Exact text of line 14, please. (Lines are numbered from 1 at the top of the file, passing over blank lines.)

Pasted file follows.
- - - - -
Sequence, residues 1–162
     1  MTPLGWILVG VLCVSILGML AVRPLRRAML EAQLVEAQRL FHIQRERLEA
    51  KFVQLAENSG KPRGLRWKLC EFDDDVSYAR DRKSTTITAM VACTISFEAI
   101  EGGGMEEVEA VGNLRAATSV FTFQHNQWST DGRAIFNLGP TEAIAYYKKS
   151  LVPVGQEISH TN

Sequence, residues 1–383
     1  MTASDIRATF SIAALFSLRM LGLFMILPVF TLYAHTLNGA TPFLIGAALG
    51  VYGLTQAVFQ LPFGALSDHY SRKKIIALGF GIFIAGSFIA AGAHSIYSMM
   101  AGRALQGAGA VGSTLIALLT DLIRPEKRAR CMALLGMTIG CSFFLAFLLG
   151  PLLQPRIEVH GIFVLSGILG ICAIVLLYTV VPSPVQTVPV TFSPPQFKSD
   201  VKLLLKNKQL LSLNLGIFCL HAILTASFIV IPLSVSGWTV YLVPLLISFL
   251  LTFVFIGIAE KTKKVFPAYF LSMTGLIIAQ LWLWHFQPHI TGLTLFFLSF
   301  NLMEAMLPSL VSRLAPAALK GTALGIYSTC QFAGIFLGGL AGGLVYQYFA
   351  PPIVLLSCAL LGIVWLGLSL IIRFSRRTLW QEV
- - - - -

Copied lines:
   351  PPIVLLSCAL LGIVWLGLSL IIRFSRRTLW QEV